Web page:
There are of course other games that fit the bill, one of the newest ones being the Alien RPG by Fria Ligan. Let’s also not forget the blockbuster RPG of the nineties: Vampire, The Masquerade or one of my all time favourites, a master class of game design: Ghostbusters: A Frightfully Cheerful Role Playing Game!
But Halloween is just one night
In the event you are looking to run a horror themed game just on Halloween night, a one-shot adventure would seem like the best way to do just that. You can download the Quick Start rules of many games for free. They usually include a short scenario, perfect for that very purpose. The big plus of opting for this is that players will be more relaxed, not having to worry about the fate of their character too much.
Inspiration and adaptation
Another approach is to create your own story for the players to risk their alter-egos’ lives in. This requires more work but can ultimately be super fun and very fulfilling. As a Game Master, I often find creating home brew content easier and less time consuming because creating it, or, in this case, conjuring it, lets you own it completely. That, ultimately, makes it easier (and more enjoyable) for me to run games.
So how would I go about adding a little pumpkin spice to our adventures and making them more seasonal? Being a bit of a film buff, I sometimes turn towards that form of storytelling to inspire my own. The trick is that one shouldn’t lift too much from the storyline of a movie. Remember that it’s your players that are in charge of the adventure and of how the tale unravels. Trying to stick too closely to what you might consider the cool and engrossing aspects of a movie will, in most cases, not translate well to tabletop adventures.
Premise is key
Many thrillers and horror movies take place in enclosed spaces, or in a location that makes it impossible to leave its vicinity. This will seem like a big limitation for a party that is used to travel outdoors. Make it work to your advantage as a Game Master and encourage your players to be even more creative and resourceful. Instead of creating multiple locations that act as the scenes of your story, think of events that take place and create a new dynamic for the players to evolve in. Once the stage is set and you have a vague idea of what the players are up against, just let the game unfold.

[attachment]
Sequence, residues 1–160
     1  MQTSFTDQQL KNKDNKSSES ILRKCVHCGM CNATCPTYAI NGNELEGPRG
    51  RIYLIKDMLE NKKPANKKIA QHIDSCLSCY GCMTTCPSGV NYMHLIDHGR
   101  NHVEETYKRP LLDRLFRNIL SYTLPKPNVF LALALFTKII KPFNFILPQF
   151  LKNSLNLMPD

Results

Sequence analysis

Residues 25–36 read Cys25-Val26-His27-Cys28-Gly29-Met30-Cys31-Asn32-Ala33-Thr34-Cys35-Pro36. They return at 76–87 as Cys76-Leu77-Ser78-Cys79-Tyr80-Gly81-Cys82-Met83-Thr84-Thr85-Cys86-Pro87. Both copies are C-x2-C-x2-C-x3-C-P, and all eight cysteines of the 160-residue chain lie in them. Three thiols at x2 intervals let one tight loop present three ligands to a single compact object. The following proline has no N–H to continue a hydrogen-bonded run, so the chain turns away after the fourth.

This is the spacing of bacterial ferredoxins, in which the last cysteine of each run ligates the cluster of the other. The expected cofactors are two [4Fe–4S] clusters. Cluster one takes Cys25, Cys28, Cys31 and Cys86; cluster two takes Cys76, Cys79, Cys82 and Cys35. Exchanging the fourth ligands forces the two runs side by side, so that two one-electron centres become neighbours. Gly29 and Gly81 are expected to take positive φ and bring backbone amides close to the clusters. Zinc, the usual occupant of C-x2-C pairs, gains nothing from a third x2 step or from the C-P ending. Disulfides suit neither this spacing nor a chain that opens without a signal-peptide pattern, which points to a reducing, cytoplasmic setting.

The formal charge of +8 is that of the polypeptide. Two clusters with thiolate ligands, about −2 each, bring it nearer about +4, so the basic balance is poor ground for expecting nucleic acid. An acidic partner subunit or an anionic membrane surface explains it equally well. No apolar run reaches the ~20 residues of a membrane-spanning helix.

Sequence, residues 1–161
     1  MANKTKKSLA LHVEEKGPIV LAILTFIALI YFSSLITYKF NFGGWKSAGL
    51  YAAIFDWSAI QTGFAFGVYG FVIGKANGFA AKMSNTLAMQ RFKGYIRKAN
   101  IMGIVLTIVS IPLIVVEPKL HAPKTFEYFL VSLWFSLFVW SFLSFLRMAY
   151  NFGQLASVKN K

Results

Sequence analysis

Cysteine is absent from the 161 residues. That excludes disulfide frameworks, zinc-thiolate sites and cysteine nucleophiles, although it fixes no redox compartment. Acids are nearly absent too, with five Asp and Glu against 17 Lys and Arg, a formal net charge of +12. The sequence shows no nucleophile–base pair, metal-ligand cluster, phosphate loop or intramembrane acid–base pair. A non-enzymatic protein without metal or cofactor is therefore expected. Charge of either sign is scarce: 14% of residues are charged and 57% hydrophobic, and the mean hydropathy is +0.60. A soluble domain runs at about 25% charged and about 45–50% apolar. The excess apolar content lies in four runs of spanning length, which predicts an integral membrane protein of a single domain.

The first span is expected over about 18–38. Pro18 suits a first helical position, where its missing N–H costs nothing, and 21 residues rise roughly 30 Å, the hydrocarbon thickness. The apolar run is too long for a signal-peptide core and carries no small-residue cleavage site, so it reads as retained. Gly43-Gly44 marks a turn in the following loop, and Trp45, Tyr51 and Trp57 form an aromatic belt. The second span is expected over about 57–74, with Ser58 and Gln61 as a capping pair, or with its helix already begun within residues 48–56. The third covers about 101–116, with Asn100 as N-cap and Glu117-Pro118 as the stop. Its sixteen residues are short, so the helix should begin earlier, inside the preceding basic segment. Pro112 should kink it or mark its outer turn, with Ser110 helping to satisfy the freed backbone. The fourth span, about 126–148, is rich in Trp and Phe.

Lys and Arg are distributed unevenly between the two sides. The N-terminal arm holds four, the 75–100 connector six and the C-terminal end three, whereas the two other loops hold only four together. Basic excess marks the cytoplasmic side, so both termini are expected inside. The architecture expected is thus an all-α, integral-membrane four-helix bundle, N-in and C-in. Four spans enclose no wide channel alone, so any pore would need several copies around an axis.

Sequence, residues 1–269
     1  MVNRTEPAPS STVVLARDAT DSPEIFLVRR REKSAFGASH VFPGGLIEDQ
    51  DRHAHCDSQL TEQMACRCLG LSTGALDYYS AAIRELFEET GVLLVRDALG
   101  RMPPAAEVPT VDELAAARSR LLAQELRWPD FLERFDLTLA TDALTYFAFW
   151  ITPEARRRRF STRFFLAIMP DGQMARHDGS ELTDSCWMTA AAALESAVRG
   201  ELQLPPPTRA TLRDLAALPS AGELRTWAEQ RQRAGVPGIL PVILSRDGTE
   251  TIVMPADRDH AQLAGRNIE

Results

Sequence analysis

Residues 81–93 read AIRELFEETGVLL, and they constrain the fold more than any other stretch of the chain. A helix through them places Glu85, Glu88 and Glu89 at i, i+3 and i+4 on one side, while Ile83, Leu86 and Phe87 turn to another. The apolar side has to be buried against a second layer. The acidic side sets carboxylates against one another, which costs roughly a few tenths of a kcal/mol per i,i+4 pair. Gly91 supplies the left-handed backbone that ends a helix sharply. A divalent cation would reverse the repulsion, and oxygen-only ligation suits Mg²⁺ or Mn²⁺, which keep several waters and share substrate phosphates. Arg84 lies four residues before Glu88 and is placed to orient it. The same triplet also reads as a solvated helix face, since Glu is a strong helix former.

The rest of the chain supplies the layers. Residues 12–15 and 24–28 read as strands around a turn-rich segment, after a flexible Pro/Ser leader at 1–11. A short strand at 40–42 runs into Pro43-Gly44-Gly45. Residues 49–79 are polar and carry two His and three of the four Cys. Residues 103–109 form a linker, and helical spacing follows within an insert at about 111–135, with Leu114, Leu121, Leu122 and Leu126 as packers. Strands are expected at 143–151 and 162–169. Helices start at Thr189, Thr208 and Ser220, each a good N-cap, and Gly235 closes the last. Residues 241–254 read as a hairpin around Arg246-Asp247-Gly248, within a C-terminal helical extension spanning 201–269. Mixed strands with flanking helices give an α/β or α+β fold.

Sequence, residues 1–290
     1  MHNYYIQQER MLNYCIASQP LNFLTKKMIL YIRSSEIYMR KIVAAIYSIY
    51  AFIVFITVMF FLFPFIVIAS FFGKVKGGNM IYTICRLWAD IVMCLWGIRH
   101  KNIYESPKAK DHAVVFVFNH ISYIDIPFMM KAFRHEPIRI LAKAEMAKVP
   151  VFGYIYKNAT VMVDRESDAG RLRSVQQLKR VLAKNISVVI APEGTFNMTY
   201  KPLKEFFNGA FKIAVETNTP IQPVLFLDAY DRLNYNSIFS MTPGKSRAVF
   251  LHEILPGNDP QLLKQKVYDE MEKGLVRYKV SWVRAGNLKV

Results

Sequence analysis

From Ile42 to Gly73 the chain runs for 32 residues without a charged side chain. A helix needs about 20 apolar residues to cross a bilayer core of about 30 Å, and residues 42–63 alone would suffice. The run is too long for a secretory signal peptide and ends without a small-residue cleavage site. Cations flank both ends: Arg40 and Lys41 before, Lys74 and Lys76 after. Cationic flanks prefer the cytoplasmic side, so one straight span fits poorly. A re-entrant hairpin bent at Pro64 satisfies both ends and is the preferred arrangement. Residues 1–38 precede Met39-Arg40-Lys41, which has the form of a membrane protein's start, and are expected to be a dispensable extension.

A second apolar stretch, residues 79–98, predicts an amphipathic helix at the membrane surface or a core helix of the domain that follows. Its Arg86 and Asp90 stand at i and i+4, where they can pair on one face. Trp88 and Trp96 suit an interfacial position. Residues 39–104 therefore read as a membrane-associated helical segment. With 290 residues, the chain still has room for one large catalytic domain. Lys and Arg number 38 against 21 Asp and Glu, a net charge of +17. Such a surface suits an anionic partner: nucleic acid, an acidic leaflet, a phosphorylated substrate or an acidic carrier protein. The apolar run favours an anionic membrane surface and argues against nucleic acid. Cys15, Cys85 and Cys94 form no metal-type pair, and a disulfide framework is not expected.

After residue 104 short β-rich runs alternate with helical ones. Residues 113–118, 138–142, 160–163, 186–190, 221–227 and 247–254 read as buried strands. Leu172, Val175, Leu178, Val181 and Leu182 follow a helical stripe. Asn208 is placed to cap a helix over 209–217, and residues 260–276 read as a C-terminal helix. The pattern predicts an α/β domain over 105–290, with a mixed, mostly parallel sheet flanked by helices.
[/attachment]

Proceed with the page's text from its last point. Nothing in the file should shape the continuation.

Some good examples
Here are a few movies that have such a premise and that could easily be used as starting points for suspenseful one shot adventures where the outcome could be just about anything. John Carpenter’s “Apocalypse Trilogy”, consisting of The Thing (1982), Prince of Darkness (1987) and In the Mouth of Madness (1994), offers three completely different stories where the protagonists are faced with a nameless and faceless enemy and are forced to find ways to defeat it and survive with no means of escape. Keep in mind that it isn't your job to annihilate the party but the players’ to find a way out.
There's always room for a creepy Alice Cooper NPC, especially if you lift him from one of his greatest cameos (Prince of Darkness, 1987)